According to the police report — he'd run out of minutes on his cell phone, so 911 was the only number that still worked.

ADDED: Poor Joshua! He just wanted to hear a voice of some kind. Got me thinking about "Talkin' World War III Blues," in which Bob Dylan's problem is not that he ran out of minutes but — it's kind of worse — there's been a nuclear holocaust:
I was feelin' kinda lonesome and blue,
I needed somebody to talk to.
So I called up the operator of time
Just to hear a voice of some kind.
"When you hear the beep
It will be three o'clock,"
She said that for over an hour
And I hung it up.

Yes, it was a wet dream — wet with John McCain's sweat.

Remember that hate email I got yesterday?
it was pointed out to me that you have wet dreams of Obama... now I understand the brain dead posts on your blog...
I now see where the emailer got that "wet dreams" idea. Over on Conservatives4Palin, there's a post that tries to deal with my "Sarah Palin is dumb." It flails without landing a blow, then dissolves into an inane rant about Kathleen Parker (who?) and how my real goal is to get on MSNBC and meet Keith Olbermann (huh?). Nearly at the bottom, right before the advising me to "pick a side of the road to drive on" — they know nothing of the joys of cruel neutrality — it has:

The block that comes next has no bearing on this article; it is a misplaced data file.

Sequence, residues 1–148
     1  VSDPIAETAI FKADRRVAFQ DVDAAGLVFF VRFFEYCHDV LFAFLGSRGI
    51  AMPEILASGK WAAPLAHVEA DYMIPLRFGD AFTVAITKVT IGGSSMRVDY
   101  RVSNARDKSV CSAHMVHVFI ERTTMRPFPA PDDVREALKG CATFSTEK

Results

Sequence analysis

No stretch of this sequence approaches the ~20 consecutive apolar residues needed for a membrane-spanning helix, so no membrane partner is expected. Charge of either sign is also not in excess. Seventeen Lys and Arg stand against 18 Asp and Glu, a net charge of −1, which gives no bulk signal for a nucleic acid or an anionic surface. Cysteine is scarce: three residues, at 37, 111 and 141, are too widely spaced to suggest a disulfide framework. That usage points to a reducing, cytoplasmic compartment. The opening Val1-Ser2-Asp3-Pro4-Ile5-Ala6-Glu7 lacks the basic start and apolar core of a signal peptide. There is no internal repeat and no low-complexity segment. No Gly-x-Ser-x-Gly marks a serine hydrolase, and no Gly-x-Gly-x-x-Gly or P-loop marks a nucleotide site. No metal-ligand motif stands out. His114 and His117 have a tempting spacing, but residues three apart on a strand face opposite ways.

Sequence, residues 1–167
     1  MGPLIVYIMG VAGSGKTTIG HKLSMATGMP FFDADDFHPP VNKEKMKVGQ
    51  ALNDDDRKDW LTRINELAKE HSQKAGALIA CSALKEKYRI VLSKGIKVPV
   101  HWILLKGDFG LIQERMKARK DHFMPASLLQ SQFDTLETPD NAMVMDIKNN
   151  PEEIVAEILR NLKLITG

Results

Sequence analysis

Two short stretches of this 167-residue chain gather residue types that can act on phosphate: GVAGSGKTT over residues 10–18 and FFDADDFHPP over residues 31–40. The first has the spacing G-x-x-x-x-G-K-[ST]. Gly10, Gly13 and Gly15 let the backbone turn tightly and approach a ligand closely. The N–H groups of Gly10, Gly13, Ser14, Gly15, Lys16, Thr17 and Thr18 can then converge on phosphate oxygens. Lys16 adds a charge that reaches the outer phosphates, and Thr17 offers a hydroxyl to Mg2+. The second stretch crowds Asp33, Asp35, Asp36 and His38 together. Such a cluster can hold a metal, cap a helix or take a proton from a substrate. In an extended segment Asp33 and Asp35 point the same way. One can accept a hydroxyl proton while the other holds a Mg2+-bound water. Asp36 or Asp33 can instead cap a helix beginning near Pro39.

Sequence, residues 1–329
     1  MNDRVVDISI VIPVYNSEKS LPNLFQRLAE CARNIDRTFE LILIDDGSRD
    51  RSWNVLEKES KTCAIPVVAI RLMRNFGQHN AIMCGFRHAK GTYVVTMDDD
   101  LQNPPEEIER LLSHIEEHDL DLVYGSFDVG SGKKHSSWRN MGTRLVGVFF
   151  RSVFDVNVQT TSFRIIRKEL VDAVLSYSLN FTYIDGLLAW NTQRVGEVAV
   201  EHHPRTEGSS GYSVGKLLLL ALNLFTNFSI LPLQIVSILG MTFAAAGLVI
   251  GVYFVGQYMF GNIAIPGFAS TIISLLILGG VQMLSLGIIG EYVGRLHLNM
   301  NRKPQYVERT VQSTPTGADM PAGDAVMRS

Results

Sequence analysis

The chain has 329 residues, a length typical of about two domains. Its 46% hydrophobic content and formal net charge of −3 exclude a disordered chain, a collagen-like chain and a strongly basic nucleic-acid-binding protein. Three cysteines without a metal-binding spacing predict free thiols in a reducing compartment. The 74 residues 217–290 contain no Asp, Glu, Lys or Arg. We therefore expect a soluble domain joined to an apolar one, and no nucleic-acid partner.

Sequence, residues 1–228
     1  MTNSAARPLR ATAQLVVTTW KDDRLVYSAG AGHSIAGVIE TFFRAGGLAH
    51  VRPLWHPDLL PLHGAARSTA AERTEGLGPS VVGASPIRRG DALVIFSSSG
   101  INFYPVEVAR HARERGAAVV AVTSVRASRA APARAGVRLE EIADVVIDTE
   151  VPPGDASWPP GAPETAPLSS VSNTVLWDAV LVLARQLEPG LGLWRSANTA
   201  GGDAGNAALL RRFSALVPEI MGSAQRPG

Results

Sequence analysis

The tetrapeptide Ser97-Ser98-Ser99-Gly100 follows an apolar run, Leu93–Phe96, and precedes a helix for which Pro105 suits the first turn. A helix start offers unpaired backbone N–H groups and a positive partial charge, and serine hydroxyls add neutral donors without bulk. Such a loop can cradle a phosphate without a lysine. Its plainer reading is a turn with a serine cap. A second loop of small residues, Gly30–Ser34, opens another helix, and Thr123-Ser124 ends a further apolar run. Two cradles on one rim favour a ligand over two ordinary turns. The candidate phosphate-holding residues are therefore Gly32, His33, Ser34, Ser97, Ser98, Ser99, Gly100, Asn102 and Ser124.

One more question, Ms. Althouse... Are you still seeing Barack Obama in your dreams? I am just curious.
That links to this old post of mine, from just before the 2008 election:
Have Barack Obama and John McCain turned up in your dreams? I've had one dream about each candidate now. A while back, Obama turned up in a dream. He was just a nice person who said hello. Last night, McCain finally turned up. He was wearing a thin, sweat-soaked shirt, and he angrily challenged me with a question about the war -- did I think it was almost over? -- and when I answered -- yes -- he stomped off and loudly declared that I had proved his point that everyone was getting that question wrong.
So there you have it. It was a wet dream. Wet with the sweat of John McCain.

November 13, 2009

At the Long Walk Tavern...


... you can talk all night.

"it was pointed out to me that you have wet dreams of Obama... now I understand the brain dead posts on your blog..."

The latest hate mail.

Which politician is the greater believer in his/her own cult of personality?

Barack Obama or Sarah Palin? If you had to say one actually believes the hype and the other is knowingly exploiting the nonsense, what would you say?